2.50
Hdl Handle:
http://hdl.handle.net/10755/198351
Title:
Discharge Phone Calls
Abstract:
[ENA Annual Conference 2011 - Evidence-based Practice Presentation]Discharge Phone Calls

Purpose: Current literature suggests that calling patients after they leave the emergency department identifies opportunities to clarify patients understanding of their discharge instructions and provide immediate feedback about their experience in the emergency department. In April of 2010, we initiated discharge phone calls to confirm and evaluate these findings.

Design: A performance improvement process of discharge phone calls was implemented to focus on improving the patient satisfaction in the emergency department.
Outcome goals included ensuring patients felt they had necessary information to continue care at home, and addressing any immediate concerns with their patient experience.

Setting: A non-teaching community Level III emergency department with 52 beds and 70,000 visits annually.

Subjects: We focused on three categories of discharged patients to begin our follow up phone call process; the pediatric population, 0-17 years of age; the elderly population, 75 years of age and older; and any patient identified by the primary nurse who would benefit from follow-up.

Methods: Through collaboration of nursing leadership, physician, staff and the Shift Specialty Coordinators (Charge Nurse) we developed a script and evaluation tool. Planning meetings addressed potential barriers, and operational issues such as staffing needs, time constraints and identification of optimal patient populations. As this new process impacted several other emergency department processes, care was taken to identify all relevant stakeholders and education was offered to the staff during monthly meetings and weekly e-mails.

The Specialty Shift Coordinator calls all patients of the selected populations to evaluate three generalized topics; patients follow up, understanding of instructions, and evaluation of care.

Results: Patient response was immediately positive, and significant improvement in our patient satisfaction scores was identified within two months, and has steadily increased throughout the year. This new process has provided opportunity for improvement for our department to effectively treat our community to which we serve.

Implications: The implementation of discharge phone calls on the targeted population listed above has exceeded our initial goals of improving patient satisfaction. We are continuing to reach those at risk population patients needing follow up care. Currently, we continue to implement discharge phone calls on a daily basis. Feedback obtained by doing phone calls has showed us that patient satisfaction has increased.

Repository Posting Date:
21-Dec-2011
Date of Publication:
21-Dec-2011

Full metadata record

DC FieldValue Language
dc.titleDischarge Phone Callsen_GB
dc.identifier.urihttp://hdl.handle.net/10755/198351-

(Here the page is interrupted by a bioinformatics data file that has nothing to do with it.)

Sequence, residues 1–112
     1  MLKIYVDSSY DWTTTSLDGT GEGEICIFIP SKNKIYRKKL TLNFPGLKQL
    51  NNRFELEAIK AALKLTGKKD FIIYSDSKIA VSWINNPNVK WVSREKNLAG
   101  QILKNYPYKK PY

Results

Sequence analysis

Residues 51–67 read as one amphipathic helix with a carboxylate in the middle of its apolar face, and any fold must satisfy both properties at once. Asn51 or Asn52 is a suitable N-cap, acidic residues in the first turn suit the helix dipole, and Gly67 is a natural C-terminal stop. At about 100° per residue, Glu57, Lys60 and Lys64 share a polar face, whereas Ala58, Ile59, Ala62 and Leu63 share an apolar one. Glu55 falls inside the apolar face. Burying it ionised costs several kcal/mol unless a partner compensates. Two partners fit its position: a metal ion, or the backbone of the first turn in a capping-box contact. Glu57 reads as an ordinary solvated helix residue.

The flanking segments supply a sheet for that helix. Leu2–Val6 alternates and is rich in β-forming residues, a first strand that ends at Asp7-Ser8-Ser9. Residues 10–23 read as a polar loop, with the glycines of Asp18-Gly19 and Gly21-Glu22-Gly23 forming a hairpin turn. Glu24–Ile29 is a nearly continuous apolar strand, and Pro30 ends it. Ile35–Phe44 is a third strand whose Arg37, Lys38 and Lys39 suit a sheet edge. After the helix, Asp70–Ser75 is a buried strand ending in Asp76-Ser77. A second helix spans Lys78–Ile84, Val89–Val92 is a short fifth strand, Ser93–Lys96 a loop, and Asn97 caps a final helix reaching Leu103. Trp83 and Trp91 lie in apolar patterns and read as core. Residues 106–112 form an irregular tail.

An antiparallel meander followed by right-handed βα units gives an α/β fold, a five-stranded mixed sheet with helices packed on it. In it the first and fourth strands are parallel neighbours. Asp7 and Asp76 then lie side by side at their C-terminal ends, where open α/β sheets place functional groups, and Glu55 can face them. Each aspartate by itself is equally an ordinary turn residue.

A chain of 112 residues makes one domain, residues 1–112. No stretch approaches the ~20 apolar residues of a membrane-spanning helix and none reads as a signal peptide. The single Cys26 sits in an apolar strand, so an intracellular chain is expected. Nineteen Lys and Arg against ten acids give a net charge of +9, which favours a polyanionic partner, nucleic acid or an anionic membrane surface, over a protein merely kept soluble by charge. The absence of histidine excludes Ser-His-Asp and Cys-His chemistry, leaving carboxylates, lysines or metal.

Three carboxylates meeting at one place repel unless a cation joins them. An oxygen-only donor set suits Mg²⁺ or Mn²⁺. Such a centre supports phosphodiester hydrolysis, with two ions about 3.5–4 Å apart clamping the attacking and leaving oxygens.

dc.description.abstract[ENA Annual Conference 2011 - Evidence-based Practice Presentation]Discharge Phone Calls<br/><br/>Purpose: Current literature suggests that calling patients after they leave the emergency department identifies opportunities to clarify patients understanding of their discharge instructions and provide immediate feedback about their experience in the emergency department. In April of 2010, we initiated discharge phone calls to confirm and evaluate these findings. <br/><br/>Design: A performance improvement process of discharge phone calls was implemented to focus on improving the patient satisfaction in the emergency department.<br/>Outcome goals included ensuring patients felt they had necessary information to continue care at home, and addressing any immediate concerns with their patient experience. <br/><br/>Setting: A non-teaching community Level III emergency department with 52 beds and 70,000 visits annually.<br/><br/>Subjects: We focused on three categories of discharged patients to begin our follow up phone call process; the pediatric population, 0-17 years of age; the elderly population, 75 years of age and older; and any patient identified by the primary nurse who would benefit from follow-up. <br/><br/>Methods: Through collaboration of nursing leadership, physician, staff and the Shift Specialty Coordinators (Charge Nurse) we developed a script and evaluation tool. Planning meetings addressed potential barriers, and operational issues such as staffing needs, time constraints and identification of optimal patient populations. As this new process impacted several other emergency department processes, care was taken to identify all relevant stakeholders and education was offered to the staff during monthly meetings and weekly e-mails. <br/><br/>The Specialty Shift Coordinator calls all patients of the selected populations to evaluate three generalized topics; patients follow up, understanding of instructions, and evaluation of care. <br/><br/>Results: Patient response was immediately positive, and significant improvement in our patient satisfaction scores was identified within two months, and has steadily increased throughout the year. This new process has provided opportunity for improvement for our department to effectively treat our community to which we serve. <br/><br/>Implications: The implementation of discharge phone calls on the targeted population listed above has exceeded our initial goals of improving patient satisfaction. We are continuing to reach those at risk population patients needing follow up care. Currently, we continue to implement discharge phone calls on a daily basis. Feedback obtained by doing phone calls has showed us that patient satisfaction has increased.<br/> <br/>en_GB
dc.date.available2011-12-21T12:46:57Z-
dc.date.issued2011-12-21T12:46:57Z-
dc.date.accessioned2011-12-21T12:46:57Z-
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